Darfur Peace Agreement
A Darfur Peace Agreement between the Government of Sudan and the Sudan Liberation Movement of Minni Minnawi was signed in 2006. The agreement was signed by only one rebel group, the Sudan Liberation Movement, and rejected by the Justice and Equality Movement resulting in a continuation of the conflict. The agreement includes provisions for wealth sharing and power sharing and established a Transitional Darfur Regional Authority to help administer Darfur until a referendum could be held on the future of the region. The leader of the Sudan Liberation Movement, Minni Minnawi, was appointed Senior Assistant to the President of Sudan and Chairman of the transitional authority in 2007.
In December 2010 the Sudan Liberation Movement withdrew from the peace agreement and the regional authority. Its leader, Minni Minnawi, fled to Southern Sudan and has since been dismissed as Senior Assistant to the President of Sudan and as Chairman of the Transitional Darfur Regional Authority. The new Chairman Shartai Jaafar Abdel Hakam subsequently dismissed 10 other members of the Sudan Liberation Movement from the authority.
Doha peace forum
In December 2010, representatives of the Liberation and Justice Movement, an umbrella organisation of ten rebel groups, formed in February of that year, started a fresh round of talks with the Sudanese Government in Doha, Qatar. A new rebel group, the Sudanese Alliance Resistance Forces in Darfur, was formed and the Justice and Equality Movement planned further talks. The talks ended on December 19 without a new peace agreement, but basic principles were agreed upon; these included a regional authority and a referendum on autonomy for Darfur. The possibility of a Darfuri Vice-President was also discussed.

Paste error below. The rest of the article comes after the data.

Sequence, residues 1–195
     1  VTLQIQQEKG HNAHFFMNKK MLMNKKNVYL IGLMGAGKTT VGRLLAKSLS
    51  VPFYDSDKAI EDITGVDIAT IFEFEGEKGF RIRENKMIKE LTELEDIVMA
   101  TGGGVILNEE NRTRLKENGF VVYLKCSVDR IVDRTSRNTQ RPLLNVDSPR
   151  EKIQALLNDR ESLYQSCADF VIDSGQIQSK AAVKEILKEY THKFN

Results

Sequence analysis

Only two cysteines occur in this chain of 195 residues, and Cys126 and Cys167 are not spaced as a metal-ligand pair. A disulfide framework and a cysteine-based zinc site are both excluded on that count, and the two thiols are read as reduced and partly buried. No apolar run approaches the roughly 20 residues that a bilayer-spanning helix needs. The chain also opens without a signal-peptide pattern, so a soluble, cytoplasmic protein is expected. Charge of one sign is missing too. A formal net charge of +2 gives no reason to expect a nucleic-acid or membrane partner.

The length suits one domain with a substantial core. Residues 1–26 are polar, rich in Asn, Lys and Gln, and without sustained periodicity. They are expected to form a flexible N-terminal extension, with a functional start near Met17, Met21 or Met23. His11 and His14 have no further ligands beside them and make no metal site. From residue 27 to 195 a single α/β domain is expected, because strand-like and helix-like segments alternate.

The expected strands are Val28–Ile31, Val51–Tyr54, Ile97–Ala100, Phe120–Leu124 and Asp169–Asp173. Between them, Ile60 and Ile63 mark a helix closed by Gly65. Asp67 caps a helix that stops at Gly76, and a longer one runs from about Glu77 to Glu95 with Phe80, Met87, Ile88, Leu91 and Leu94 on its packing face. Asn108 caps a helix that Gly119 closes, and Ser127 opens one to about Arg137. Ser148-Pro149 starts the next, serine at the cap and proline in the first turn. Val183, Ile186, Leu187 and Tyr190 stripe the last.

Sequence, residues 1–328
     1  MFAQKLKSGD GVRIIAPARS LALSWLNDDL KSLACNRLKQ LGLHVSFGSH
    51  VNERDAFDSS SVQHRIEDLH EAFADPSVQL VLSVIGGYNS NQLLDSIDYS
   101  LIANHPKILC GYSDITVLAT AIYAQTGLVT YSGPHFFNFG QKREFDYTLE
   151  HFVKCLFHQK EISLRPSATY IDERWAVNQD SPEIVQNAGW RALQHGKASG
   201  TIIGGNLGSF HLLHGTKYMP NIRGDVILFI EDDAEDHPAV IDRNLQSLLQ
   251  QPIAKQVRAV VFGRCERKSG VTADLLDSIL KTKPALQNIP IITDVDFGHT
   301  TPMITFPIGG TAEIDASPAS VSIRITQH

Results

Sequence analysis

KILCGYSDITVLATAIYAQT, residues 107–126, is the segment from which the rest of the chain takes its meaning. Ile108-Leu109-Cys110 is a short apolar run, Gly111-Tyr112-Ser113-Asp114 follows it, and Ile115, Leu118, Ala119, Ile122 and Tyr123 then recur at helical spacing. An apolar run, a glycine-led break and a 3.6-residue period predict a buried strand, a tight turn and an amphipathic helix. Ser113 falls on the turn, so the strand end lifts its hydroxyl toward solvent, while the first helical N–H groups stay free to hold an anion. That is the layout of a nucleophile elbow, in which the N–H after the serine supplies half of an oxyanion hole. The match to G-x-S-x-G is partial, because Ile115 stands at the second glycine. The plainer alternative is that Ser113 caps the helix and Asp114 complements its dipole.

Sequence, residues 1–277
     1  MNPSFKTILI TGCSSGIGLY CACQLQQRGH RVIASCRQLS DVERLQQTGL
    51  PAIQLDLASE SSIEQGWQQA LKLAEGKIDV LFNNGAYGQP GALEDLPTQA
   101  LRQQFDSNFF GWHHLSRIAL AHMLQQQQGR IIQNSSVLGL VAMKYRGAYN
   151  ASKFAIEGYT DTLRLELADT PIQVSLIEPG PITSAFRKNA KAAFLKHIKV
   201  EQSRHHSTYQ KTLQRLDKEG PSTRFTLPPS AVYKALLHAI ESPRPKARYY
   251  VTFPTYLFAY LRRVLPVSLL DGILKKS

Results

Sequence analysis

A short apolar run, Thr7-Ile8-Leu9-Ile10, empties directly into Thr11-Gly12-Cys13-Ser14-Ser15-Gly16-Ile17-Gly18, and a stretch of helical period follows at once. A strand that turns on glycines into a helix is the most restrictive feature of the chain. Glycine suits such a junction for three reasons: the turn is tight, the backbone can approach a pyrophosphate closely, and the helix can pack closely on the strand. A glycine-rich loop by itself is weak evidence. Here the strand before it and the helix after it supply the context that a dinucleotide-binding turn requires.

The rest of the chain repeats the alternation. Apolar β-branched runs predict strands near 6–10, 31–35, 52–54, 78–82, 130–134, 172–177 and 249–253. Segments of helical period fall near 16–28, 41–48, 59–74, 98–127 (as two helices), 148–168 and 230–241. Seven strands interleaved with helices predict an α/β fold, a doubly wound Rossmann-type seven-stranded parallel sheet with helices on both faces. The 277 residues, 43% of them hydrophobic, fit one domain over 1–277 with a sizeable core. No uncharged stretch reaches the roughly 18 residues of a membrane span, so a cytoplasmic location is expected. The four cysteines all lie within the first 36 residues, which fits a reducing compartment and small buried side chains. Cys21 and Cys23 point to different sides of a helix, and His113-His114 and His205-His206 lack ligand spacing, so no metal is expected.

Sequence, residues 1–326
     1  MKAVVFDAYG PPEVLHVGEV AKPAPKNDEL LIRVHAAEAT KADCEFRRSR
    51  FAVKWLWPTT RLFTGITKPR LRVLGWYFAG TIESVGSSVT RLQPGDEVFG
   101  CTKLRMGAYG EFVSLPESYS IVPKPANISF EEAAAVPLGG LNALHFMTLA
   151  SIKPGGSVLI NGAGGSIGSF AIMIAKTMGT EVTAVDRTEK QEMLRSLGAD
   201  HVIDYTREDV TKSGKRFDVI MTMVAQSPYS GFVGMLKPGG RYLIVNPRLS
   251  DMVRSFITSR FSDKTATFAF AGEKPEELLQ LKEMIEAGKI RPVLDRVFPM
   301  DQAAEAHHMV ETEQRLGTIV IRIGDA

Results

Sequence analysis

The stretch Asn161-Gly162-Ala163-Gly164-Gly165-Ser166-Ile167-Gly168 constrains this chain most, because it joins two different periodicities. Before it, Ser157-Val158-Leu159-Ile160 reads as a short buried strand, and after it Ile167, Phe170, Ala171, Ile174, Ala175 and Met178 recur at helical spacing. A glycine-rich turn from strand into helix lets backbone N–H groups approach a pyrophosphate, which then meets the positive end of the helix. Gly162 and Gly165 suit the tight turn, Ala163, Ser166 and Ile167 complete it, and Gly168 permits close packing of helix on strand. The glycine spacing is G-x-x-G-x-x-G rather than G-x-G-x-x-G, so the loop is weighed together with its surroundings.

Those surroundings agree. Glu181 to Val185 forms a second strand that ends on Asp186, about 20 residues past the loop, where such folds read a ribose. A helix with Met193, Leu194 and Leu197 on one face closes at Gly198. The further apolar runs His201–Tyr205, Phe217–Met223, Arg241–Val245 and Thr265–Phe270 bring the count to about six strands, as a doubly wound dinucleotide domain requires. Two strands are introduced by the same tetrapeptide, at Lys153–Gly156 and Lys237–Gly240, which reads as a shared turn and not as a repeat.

In January 2011, the leader of the Liberation and Justice Movement, Dr. Tijani Sese, stated that the movement had accepted the core proposals of the Darfur peace document proposed by the joint-mediators in Doha; the proposals included a $300,000,000 compensation package for victims of atrocities in Darfur and special courts to conduct trials of persons accused of human rights violations. Proposals for a new Darfur Regional Authority were also included; this authority would have an executive council of 18 ministers and would remain in place for five years. The current three Darfur states and state governments would also continue to exist during this period. In February 2011, the Sudanese Government rejected the idea of a single region headed by a vice-president from the region.
On 29 January, the leaders of the Liberation and Justice Movement and the Justice and Equality Movement issued a joint statement affirming their commitment to the Doha negotiations and agreement to attend the Doha forum on 5 February. The Sudanese government had not yet agreed to attend the forum on that date and instead favoured an internal peace process without the involvement of rebel groups. Later in February, the Sudanese Government agreed to return to the Doha peace forum with a view to complete a new peace agreement by the end of that month. On 25 February, both the Liberation and Justice Movement and the Justice and Equality Movement announced that they had rejected the peace document proposed by the mediators in Doha. The main sticking points were the issues of a Darfuri vice-president and compensation for victims. The Sudanese government had not commented on the peace document.
At the Doha Peace Forum in June, the Joint Mediators proposed a new Darfur Peace Agreement, which would supersede the Abuja Agreement of 2005 and if signed, halt preparations for a Darfur status referendum. The proposal included provisions for a Darfuri Vice-President and an administrative structure that includes both the three states and a strategic regional authority, the Darfur Regional Authority, to oversee Darfur as a whole. The new agreement was signed by the Government of Sudan and the Liberation and Justice Movement on 14 July. The Sudan Liberation Movement and the Justice and Equality Movement did not sign the new document at that time but had three months in which to do so if they wish.